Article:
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BMC Public Health. 2011 Sep 24;11:722. doi: 10.1186/1471-2458-11-722.

A school-based resilience intervention to decrease tobacco, alcohol and marijuana use in high school students.

Author information

1
Hunter New England Population Health, Hunter New England Area Health Service, New South Wales, Australia. rebecca.hodder@hnehealth.nsw.gov.au

Abstract

BACKGROUND:

Despite schools theoretically being an ideal setting for accessing adolescents and preventing initiation of substance use, there is limited evidence of effective interventions in this setting. Resilience theory provides one approach to achieving such an outcome through improving adolescent mental well-being and resilience. A study was undertaken to examine the potential effectiveness of such an intervention approach in improving adolescent resilience and protective factor scores; and reducing the prevalence of adolescent tobacco, alcohol and marijuana use in three high schools.

METHODS:

A non-controlled before and after study was undertaken. Data regarding student resilience and protective factors, and measures of tobacco, alcohol and marijuana use were collected from grade 7 to 10 students at baseline (n = 1449) and one year following a three year intervention (n = 1205).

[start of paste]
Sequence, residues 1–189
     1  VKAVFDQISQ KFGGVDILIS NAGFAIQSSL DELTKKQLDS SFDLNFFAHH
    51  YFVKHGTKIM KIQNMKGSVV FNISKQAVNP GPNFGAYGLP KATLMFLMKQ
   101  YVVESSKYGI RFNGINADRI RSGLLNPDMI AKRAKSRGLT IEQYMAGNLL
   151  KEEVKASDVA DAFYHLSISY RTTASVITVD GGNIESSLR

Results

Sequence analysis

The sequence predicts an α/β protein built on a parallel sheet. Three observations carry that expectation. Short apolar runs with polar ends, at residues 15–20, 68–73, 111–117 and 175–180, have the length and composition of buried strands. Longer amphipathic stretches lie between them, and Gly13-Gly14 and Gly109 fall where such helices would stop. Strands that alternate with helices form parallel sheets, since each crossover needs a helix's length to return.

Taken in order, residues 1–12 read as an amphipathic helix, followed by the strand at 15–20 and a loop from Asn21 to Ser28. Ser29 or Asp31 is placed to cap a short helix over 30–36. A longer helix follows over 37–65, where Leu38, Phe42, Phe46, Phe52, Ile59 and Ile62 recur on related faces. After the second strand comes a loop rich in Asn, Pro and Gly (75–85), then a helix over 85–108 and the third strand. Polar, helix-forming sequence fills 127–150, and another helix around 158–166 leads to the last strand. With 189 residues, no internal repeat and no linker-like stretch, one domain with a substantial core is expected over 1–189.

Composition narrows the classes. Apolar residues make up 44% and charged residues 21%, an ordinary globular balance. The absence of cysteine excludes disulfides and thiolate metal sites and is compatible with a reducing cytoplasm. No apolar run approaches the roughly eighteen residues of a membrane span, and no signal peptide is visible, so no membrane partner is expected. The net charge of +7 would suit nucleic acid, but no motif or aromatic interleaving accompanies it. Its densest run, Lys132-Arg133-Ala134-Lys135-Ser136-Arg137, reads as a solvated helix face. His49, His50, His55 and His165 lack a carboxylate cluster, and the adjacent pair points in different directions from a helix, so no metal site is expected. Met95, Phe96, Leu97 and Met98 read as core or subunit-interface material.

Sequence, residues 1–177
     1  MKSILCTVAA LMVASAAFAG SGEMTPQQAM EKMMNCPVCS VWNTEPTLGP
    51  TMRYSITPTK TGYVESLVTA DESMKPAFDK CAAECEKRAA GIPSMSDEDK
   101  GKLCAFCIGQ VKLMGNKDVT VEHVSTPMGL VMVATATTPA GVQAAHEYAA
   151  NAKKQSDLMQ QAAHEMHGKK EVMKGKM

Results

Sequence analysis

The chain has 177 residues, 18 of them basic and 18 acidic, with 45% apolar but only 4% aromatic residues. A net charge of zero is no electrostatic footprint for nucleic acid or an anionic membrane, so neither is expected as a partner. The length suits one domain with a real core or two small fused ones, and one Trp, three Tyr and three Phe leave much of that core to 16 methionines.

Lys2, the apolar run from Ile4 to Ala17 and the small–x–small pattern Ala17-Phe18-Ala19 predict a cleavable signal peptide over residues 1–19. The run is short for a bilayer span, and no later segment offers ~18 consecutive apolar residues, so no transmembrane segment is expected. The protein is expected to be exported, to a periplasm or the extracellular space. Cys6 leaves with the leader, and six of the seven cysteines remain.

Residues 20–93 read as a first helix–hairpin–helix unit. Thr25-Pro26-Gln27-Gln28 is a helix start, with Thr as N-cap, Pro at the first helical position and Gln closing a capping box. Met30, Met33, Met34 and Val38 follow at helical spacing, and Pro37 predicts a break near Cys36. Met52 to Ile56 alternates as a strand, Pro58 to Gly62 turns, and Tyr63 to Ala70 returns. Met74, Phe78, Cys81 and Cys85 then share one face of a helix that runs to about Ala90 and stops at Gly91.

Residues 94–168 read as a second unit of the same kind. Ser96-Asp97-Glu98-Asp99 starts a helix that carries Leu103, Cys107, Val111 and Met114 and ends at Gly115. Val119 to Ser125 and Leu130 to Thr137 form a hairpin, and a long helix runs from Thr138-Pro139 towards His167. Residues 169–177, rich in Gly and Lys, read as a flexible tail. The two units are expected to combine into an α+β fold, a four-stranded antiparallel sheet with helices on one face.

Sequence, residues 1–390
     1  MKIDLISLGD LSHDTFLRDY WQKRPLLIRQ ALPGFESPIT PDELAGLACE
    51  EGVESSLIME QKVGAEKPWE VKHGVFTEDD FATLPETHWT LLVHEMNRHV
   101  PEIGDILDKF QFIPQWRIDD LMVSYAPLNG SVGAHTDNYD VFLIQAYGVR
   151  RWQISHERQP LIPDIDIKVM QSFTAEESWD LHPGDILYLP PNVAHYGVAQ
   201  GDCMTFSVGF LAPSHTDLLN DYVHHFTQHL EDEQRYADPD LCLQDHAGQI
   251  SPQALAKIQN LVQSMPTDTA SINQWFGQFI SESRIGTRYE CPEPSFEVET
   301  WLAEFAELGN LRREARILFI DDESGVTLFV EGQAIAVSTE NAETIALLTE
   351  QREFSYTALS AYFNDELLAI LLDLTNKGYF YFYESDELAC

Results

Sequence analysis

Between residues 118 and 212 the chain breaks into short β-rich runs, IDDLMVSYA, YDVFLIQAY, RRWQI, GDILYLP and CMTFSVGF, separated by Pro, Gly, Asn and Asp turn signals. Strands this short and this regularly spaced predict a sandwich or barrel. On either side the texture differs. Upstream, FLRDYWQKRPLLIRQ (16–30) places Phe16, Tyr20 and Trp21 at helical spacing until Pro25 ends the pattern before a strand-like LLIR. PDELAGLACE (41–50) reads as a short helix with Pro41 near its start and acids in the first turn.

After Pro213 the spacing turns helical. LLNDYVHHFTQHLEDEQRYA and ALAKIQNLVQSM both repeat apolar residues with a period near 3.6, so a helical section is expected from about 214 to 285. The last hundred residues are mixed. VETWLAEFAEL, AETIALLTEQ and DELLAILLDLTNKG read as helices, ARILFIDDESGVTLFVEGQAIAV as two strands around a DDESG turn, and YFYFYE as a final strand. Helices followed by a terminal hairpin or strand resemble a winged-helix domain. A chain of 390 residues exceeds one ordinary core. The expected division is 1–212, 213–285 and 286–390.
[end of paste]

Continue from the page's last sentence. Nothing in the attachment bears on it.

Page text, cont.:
RESULTS:

Significantly higher resilience and protective factors scores, and significantly lower prevalence of substance use were evident at follow up.

CONCLUSIONS:

The results suggest that the intervention has the potential to increase resilience and protective factors, and to decrease the use of tobacco, alcohol and marijuana by adolescents. Further more rigorous research is required to confirm this potential.

PMID:
21942951
PMCID:
PMC3203076
DOI:
10.1186/1471-2458-11-722
[Indexed for MEDLINE]
Free PMC Article

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